Balafons are found only on the African continent where they developed without outside influence.

The balafon is an idiophone. It is very much like its ancestor, the xylophone, but under its wooden planks, small gourds are used as resonators, giving it a very soft sound. It has a wood and rope frame and is played like a xylophone, with two rubber-tipped sticks.

The balafon is an ancient fetish instrument that was mainly used by African warriors. Today, however, the balafon is not linked to a religion as such but is mainly used for entertainment (dances) or for ceremonies. Balafons are usually played during celebrations by professionals rarely by amateurs.

© 1999, CHIN. All Rights Reserved.

Balafon1

Kotoura, Burkina Faso

Burkina Faso Cultural Heritage Branch

wood, gourd, leather
© Burkina Faso Cultural Heritage Branch


Balafon2

Balafon or Balan (xylophone)

Kotoura, Burkina Faso

Burkina Faso Cultural Heritage Branch

wood, gourd, leather
© Burkina Faso Cultural Heritage Branch


This balan comes from Kotoura, a village in Kenedougou province. It is played during popular events such as funerals, agricultural festivals, marriages, by a "griot" or troubadour.

The instrument varies depending on the people who make it. You can find Senufo, Bwa and Dagara balafons in Burkina Faso.

As a result of industrialization, some synthetic products are now used to hold the bars together to increase the tone quality of the vibrations from the gourds that make up the sound box or resonator. The balan is increasingly played by young people as well as older folk in traditional or modern groups.


This balan comes from Kotoura, a village in Kenedougou province. It is played during popular events such as funerals, agricultural festivals, marriages, by a "griot" or troubadour.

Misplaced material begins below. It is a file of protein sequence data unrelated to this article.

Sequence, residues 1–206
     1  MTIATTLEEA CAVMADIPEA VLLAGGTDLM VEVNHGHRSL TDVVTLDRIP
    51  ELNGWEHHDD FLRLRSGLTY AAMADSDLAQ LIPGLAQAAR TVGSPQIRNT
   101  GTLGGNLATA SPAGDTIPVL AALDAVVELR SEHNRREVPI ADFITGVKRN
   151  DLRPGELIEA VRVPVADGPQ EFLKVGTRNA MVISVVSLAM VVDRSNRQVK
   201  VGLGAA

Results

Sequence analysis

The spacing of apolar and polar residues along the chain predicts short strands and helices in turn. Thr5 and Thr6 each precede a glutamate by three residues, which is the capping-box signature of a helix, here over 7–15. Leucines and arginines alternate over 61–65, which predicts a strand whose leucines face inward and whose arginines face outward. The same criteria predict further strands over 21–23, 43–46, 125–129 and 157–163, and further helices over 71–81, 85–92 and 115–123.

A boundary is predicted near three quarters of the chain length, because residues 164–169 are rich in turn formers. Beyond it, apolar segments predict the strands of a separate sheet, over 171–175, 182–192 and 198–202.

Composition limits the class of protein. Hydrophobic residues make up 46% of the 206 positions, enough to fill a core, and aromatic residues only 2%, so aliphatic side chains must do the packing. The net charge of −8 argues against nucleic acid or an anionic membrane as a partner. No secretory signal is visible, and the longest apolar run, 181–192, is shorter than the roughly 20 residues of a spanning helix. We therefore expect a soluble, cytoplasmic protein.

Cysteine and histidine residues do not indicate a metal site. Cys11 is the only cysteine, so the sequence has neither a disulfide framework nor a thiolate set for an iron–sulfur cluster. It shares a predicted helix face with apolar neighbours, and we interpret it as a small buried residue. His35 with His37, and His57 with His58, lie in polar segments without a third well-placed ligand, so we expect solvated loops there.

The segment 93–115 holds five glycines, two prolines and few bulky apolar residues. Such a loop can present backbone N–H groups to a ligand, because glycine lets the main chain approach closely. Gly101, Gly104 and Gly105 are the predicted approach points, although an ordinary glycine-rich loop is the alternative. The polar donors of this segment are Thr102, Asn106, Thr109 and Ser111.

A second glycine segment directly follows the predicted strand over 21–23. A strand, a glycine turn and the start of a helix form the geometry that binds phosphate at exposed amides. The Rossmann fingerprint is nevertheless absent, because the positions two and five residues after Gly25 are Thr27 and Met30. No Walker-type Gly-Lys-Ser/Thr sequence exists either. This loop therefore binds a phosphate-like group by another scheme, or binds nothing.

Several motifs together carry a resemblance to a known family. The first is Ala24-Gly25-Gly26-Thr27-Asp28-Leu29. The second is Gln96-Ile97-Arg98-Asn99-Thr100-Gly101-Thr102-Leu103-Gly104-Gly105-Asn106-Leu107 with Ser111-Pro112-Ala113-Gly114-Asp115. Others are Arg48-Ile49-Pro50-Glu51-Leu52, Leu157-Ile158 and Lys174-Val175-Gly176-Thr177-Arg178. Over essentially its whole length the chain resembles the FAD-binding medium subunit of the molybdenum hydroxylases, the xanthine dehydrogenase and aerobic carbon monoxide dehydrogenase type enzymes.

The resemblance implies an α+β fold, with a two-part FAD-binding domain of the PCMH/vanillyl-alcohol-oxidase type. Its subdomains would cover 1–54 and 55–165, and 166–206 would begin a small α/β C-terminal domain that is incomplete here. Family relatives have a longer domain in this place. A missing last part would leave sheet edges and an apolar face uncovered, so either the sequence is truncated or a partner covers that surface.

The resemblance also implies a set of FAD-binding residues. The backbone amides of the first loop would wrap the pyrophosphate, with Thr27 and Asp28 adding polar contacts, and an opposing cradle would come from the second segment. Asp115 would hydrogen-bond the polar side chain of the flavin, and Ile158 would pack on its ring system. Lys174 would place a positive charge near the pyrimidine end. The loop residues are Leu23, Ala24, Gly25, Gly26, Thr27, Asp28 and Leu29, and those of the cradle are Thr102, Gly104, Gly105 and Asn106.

The instrument varies depending on the people who make it. You can find Senufo, Bwa and Dagara balafons in Burkina Faso.

As a result of industrialization, some synthetic products are now used to hold the bars together to increase the tone quality of the vibrations from the gourds that make up the sound box or resonator. The balan is increasingly played by young people as well as older folk in traditional or modern groups.


© 1999, CHIN. All Rights Reserved.

Balafon: Audio

Balafon: Audio

Canadian Heritage Information Network
Canadian Heritage Information Network, Centre des recherches et études andalouses, Centre des musiques arabes et méditerranéennes Ennejma Ezzahra, Musée de la musique, Laboratoire de recherche des musiques du monde, Musée acadien de l'Université de Moncton, Canadian Museum of Civilization, Musée d'art et d'archéologie de l'Université d'Antananarivo, Musée ethnographique Alexandre Sènou Adande, Musée national du Mali, St. Boniface Museum, Lycée de langues étrangères Alexandre Dumas, Museum of the Romanian Peasant

© 1999, CHIN. All Rights Reserved.


Learning Objectives

The learner will:

  • Understand that music is an expression in all cultures
  • Understand that the relationship between personal feelings and music transcends borders and cultures
  • Develop respect for music from a variety of cultural contexts
  • Examine traditional music practices in selected Francophone countries
  • Demonstrate geographical awareness by identifying Francophone countries
  • Be aware of the musical contributions of various cultural groups in their own community
  • Understand that all world music can be organized within a standard classification system